Learn more Shop now Shop now Shop now Shop now Shop now Shop now Learn More Shop now Learn more Click Here Shop Kindle New Album - Foo Fighters Shop now Shop Women's Shop Men's

There was a problem filtering reviews right now. Please try again later.

on 4 July 2015
This was a random download for holiday reading after reading reviews of his latest. Loved it, just a wonderful read, light but with many depths. Perfect for a child of the 80s but as good as perfect for a child of the 70s.
0Comment|Was this review helpful to you?YesNoReport abuse
on 15 October 2008
I bought this book on the strength of a great fondness for Simon's work and the desire to hear the shared experience of someone, like me, who is a frustrated musician. In fact, only a smallish part is directly about the authors concert experience... and the book is all the better for it and his definition of 'the poet as gigging artist'. It is the wry and comical description of the minutiae of middle England's [Australia's] reaction to the pre-eminent pop poet of the last ten years. This book is full of warm-hearted, poignant and downright hilarious [and I use the work advisedly] anecdotes and tales of the authors life and family - my favourite being the tale of the Armitage family chip pan and the various tales about Simon's dad. In common with Armitage's previous All Points North this is a set of beautifully observed and profoundly dramatised vignettes of life which are enriched with meaning and emotion in a way only he can deliver. I'm a fan and I think after a chapter of this you will be too...buy and enjoy....

0Comment| 4 people found this helpful. Was this review helpful to you?YesNoReport abuse
on 23 September 2012
I enjoyed this book - not quite as much as 'All Points North' - probably because of my age! - but still 'laugh out loud' in places.
0Comment|Was this review helpful to you?YesNoReport abuse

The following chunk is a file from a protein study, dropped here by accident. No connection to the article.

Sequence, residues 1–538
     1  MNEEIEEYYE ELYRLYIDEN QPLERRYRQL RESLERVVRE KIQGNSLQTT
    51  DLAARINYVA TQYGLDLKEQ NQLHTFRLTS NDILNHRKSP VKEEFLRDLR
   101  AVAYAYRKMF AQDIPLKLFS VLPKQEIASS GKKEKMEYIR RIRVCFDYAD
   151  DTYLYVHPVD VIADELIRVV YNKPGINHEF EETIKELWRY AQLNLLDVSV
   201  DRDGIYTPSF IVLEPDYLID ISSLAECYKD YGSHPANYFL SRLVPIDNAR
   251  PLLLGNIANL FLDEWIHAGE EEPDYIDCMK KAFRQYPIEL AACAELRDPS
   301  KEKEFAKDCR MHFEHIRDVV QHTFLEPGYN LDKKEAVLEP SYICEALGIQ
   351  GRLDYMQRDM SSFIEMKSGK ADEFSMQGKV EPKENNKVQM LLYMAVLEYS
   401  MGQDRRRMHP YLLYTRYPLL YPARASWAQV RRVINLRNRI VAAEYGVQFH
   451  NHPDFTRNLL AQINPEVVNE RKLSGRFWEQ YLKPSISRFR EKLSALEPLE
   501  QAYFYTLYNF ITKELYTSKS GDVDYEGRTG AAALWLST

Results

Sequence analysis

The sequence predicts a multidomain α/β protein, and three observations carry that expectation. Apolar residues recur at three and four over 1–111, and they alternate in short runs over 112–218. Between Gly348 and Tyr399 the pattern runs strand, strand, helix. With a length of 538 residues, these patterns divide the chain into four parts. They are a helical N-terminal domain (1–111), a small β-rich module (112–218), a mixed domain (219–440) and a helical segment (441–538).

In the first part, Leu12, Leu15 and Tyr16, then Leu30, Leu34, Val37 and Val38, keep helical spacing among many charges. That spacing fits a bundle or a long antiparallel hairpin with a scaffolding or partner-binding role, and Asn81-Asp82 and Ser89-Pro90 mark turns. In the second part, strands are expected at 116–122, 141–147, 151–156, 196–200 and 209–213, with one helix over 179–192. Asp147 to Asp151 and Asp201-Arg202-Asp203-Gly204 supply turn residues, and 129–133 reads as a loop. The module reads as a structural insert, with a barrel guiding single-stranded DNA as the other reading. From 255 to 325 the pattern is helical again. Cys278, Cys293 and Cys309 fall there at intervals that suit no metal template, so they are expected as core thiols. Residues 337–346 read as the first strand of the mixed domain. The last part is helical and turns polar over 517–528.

on 28 October 2008
Strangely enough Simon Armitage and his band The Scaremongers, described within, have made one of the best 'records' of recent times 'Less Is More'. The only shame is that it isn't released on 45 and thus I can't put it alongside our mutual hero Morrissey on the jukebox.

That said Gig is a great read for someone obsessed with the minutiaie of pop music and its significance to 'normal' life. The poetry and Northern perspective is equally fascinating and enjoyable. Its a bit like reading Paul Morley - finding that many of the things he thinks are brilliant we 'share', e.g., my wife and I finally got to see Morrissey at the same concert in Blackburn, though being a couple of years older, sat in the balcony at the side of the stage.

Not sure therefore how universal the book is, but I really enjoyed it and am looking forward to reading it again.
11 Comment| 3 people found this helpful. Was this review helpful to you?YesNoReport abuse
on 15 August 2016
Book was in quite good condition but smelled musty. Good delivery time thanks!
0Comment|Was this review helpful to you?YesNoReport abuse
on 7 August 2013
As a fellow Rock-star fantasist I looked forward to reading Simon Armitage's book. Unfortunately I found it a disappointing read. Maybe the subject matter is only for oneself.
11 Comment| One person found this helpful. Was this review helpful to you?YesNoReport abuse
on 17 January 2009